And off we gooooo

Island Bound

We finally got off the dock! Weather seemed to line up just so, with forecasters predicting heavy lightning storms for the INTERIOR of Florida including Lake Okeechobee (of course).

Once underway The Gulf Stream was annoying as usual but the ocean was fairly mild in the wave department. We had a beautiful dinner at sea and we were thrilled to be on our way.

Then we started our usual night watch program around 8ish – 2 hours on, 2 hours off (sleeping). The sky that night was beautiful but also a little foreboding.

When you sail you become VERY sensitive to weather. Especially clouds. Clouds can tell you things about upcoming weather.

We thought these clouds were confirming the storms heading to Florida, because even though they looked pretty they had formations that spoke of less favorable conditions in the near future.

Since we were sailing away from them we didn’t really worry.

Well something changed and we had a new not so pretty cloud coming up on us. We set course for the Bimini Islands, thinking we could not out run this cloud.

So we just kept going figuring she would move over and away from us or we would get away in time.

She caught us in the open ocean, sails up.

Here’s the Coles notes version:
– 40 knot winds (gale force)
– one jib genoa line let go (damn you bowline knot)!
– one large hole in the dinghy (thank you screwdriver left in dinghy)
– one reefing line got loose and wrapped itself protectively around the starboard side prop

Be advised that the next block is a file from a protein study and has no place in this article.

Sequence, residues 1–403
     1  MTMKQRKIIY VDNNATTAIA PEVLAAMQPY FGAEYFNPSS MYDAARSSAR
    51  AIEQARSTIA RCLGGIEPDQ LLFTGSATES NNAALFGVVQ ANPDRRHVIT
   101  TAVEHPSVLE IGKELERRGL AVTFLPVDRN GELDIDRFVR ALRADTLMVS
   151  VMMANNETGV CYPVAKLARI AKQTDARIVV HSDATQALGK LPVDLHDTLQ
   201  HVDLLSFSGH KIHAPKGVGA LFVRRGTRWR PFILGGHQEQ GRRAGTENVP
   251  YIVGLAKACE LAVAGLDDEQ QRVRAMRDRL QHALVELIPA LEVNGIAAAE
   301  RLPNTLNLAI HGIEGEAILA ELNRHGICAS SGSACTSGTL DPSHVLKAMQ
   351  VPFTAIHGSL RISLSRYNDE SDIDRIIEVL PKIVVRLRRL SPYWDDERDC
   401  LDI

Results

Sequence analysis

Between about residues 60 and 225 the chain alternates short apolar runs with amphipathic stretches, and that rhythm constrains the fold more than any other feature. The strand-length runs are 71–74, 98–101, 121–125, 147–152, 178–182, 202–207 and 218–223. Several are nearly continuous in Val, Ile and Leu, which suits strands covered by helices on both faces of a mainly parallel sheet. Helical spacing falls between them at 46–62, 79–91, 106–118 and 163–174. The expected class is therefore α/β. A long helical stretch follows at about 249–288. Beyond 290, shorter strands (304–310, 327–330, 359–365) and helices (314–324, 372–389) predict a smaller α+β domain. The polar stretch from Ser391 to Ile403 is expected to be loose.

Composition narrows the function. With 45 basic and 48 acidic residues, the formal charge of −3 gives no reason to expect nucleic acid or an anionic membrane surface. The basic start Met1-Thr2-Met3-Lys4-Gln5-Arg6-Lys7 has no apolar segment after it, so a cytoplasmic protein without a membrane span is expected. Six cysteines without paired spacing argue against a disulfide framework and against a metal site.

– one lazy susan and placemat flung out the back
– one bumper bounced off the trampoline into the deep blue

And here’s the biggy – both new custom trampoline cushions unsnapped.
One flew off the bow with a bumper.
We knew better then to leave the safety of the helm to retrieve it in those conditions.
It’s only a cushion.
Sorry Sam!
Then the other flew back towards the helm as we slow motioned the word ‘nooooooo’ and bounced off the back never to be seen again. It was so close – and yet not really.
We had our hands full and were slightly disabled running on only one engine.

The sails were our biggest issue.
We needed them down – fast.
Not so easily done in 40 knot winds.
The storm came about like this, dark cloud, lightening and then one really cold breeze that made Steve and I look at each other like “did you feel that”?
It was gone as quickly as it came but thinking back we probably should have put our sails down right then.
But we didn’t and then the wind meter started to climb – FAST.

Ideal sail conditions are around 15 knots, after 30 you shouldn’t have any sails up at all.
So as you can imagine it’s pretty darn bad to have em up in 40 knots.

Hey we tried to beat the wind but the line came off the genoa (forward sail), so we only had one holding on.
If that wasn’t a big enough distraction the starboard engine stopping was, due to a rope wrapped around the prop.

prop wrap

Our only good engine had a battery light that came on.
This was a yoga ‘Be in the Present’ moment if I’ve ever seen one.

Then the cushions… 😦
We look at this as our donation to Mother Nature.

All in all we came through it, learned a lot and found out that we truly do work well as a team in ANY situation!

Fort Lauderdale to N. Rock = 48 NM
N. Rock to NW Shoal = 63 nm
NW Shoal to Chubb Cay = 13 nm
TOTAL = 124 nm

2 thoughts

  1. Oh my, what an adventure! They were only cushions (but they sure looked snazzy!) Stay safe and keep an eye on those clouds! Diane


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